The Hindu calendar actually counts backwards - they count towards the
destruction of the world. It's about 350,000 years off though.

Of course the Jewish don't use the Christ based calendar, they
count from the creation of the world in 3761 BCE. Theirs is a complex
system, based upon both the solar year and the lunar year, and
we're somewhere around 5761 or so.

One system currently uses only days. The Julian day system,
which numbers days since 1st January 4713 BCE. This makes calculations
between two dates very easy, since you don't have to worry about
the number of days in a month or the year. Astromoners use this
basic system, except they subtract 2,400,000 to make the numbers easier
to deal with.

Computers often have interesting calendars. Unix uses seconds since
1970, so we've just had a 'birthday' recently, when we went over
10 billion in that system. MS-DOS uses seconds since 1980, while
VMS used a system of microseconds since a date in the 19th centurary.

When the French revolutionaries were trying to simplify their systems
of measurement, they tried the french revolutionary calendar, which
had 3 weeks of 10 days each, making 12 months, plus 5 or 6 celebration
days, dated in years since 1792 - the date of the republic. This only
lasted for a few years though. This very similar to the calendar observed
in Eithiopia, which also has 12 months of 30 days plus an 5 or 6 day
extra one, except the Eithopia calendar is 7 years behind the Gregorian
calendar, so it's 1994 there.

Another failed calendar was the 13 month calendar, briefly considered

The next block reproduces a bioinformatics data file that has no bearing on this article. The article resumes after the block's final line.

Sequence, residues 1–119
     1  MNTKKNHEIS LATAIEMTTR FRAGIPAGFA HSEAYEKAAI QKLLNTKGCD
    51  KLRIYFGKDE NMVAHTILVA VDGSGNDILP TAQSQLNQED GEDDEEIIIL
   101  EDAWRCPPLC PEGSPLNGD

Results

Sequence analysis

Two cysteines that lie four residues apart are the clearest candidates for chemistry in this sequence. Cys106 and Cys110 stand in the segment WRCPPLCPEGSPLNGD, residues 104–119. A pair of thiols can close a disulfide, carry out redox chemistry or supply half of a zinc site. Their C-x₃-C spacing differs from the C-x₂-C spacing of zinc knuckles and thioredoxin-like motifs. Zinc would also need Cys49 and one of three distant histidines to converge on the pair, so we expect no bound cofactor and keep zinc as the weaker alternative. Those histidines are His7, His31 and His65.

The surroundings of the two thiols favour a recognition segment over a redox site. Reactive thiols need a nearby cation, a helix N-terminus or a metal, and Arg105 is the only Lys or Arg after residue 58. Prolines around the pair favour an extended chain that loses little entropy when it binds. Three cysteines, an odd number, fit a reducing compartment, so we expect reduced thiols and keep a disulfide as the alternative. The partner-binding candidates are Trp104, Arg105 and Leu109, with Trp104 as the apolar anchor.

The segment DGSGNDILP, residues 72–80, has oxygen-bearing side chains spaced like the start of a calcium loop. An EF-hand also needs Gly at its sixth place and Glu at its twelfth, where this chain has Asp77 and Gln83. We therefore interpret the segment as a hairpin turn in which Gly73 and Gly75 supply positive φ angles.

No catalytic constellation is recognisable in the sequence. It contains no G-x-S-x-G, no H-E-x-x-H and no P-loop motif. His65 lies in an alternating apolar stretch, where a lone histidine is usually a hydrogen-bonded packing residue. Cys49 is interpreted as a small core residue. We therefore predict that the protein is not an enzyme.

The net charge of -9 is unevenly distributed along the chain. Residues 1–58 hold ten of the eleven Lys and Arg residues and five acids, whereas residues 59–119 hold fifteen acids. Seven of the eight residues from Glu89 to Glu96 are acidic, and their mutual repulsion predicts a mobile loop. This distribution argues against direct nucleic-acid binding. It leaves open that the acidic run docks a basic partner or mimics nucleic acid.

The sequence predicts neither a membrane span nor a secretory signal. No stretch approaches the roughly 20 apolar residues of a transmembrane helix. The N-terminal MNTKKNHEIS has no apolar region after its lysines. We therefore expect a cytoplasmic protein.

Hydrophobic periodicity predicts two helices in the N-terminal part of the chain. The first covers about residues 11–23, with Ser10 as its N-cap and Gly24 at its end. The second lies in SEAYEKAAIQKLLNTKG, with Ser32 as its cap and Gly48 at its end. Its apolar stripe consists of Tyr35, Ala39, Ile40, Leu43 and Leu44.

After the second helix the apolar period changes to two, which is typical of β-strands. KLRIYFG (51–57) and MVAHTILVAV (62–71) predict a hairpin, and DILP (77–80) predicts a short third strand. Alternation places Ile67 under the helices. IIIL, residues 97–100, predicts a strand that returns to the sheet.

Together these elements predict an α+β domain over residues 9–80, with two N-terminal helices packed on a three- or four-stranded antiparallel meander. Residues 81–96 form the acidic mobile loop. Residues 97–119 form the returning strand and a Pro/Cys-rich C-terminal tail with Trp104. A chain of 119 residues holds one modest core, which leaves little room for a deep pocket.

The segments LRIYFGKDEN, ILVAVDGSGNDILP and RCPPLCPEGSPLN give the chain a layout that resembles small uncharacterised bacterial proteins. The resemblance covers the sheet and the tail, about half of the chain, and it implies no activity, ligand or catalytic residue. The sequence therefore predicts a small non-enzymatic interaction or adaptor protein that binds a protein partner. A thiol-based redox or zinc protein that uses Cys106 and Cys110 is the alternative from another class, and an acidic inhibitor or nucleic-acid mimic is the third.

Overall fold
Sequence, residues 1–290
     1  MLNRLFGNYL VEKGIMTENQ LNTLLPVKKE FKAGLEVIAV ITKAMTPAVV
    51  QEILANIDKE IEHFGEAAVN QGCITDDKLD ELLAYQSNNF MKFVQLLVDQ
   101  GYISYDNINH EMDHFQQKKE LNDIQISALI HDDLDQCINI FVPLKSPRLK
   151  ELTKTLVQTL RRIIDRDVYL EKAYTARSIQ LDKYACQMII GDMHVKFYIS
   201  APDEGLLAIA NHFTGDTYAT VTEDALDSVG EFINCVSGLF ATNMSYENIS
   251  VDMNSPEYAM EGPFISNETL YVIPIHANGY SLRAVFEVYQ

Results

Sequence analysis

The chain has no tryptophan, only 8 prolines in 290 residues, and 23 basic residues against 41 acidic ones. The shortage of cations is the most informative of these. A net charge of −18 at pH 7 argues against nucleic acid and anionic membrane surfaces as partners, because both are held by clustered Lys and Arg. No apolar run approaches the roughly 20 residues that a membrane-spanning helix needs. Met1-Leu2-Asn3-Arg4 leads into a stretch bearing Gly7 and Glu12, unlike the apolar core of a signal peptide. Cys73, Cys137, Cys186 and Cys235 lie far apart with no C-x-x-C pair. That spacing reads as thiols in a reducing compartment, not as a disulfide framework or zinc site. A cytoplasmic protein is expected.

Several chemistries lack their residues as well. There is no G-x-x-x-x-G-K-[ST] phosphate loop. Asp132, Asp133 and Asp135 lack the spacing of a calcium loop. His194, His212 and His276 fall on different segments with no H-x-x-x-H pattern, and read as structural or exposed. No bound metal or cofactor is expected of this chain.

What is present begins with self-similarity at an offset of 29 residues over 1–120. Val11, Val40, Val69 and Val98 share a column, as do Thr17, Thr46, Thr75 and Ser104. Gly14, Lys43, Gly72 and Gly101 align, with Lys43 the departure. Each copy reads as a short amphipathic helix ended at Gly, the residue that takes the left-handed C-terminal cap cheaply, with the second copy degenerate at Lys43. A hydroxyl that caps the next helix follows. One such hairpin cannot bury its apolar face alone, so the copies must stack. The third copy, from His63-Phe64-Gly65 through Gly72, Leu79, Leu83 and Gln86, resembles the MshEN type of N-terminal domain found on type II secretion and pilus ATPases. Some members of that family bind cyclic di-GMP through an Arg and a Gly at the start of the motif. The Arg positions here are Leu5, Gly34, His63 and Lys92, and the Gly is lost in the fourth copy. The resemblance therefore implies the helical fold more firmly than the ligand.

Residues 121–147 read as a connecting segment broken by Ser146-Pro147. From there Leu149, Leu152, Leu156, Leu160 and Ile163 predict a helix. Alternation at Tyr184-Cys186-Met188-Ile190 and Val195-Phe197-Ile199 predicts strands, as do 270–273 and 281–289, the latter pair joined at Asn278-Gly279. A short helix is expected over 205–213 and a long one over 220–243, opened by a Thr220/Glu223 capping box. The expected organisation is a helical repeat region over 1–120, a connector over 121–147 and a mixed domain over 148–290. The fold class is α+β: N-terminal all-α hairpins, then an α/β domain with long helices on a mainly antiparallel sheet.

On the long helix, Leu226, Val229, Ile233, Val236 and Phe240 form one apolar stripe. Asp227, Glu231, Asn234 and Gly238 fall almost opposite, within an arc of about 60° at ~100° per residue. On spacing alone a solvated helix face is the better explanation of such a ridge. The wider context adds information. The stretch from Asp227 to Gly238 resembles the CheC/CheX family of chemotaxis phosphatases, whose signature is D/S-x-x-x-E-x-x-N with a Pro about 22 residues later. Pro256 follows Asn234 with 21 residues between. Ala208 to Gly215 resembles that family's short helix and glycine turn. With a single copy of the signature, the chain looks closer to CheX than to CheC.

by the United Nations in 1954. This had 12 months of 31 or 30 days,
plus an extra single day month, thus combining the worst aspects
of both the Gregorian and the French Revolutionary calendar. Thankfully
they came to their minds, and no-one adopted it.

You can make some changes to the calendar without major changes. The
Quakers objected to the pagan gods which we name our months and days after.
So they simply numbered them. Today would be 1st day.

Some calendars weren't tied into the solar or lunar cycles at all. The
Mayan Tzolkin calendar had a 260 day year of 20 months of 13 days each.
However, they didn't count the years. Must be great for birthdays, no
reaching 40.

Historically, most civizations have counted their years based upon
their kings or Emperors. The Japanese have this system, and a few years
ago when Emperor Hirohito died they moved from the 'Showa' calendar
onto a new calendar based upon the date of the ascent of Emperor
Akihito. Currently it's about Heisei 13.

In short, there is no shortage of calendars not based upon the
supposed date of the birth of Christ.

American Liberal

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Oct 1, 2001, 1:04:26 AM10/1/01
to

From what I recall seeing on some old programs about the advancement of
civilization:
Both answers are correct.
Of course the farmers/settlers had to plant their crops by the ANNUAL flooding
of the Nile, so that was a basic "calendar".
Later, when priests were able to do so, they predicted the flooding by making
a record of flood times vs star charts; which helped the farmers tremendously
. and gave the priests elevated status.

So, basicaly, the "yearly" calendar started when we started cultivating crops;
and recorded when the priests kept records of star movements.


--
Religion is no more good, or less evil, than the people who practice it.

Mark VandeWettering

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Oct 1, 2001, 1:17:54 AM10/1/01
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cats...@yahoo.com wrote:
> On 30 Sep 2001 23:22:54 -0400, ann...@webtv.net (anne) wrote: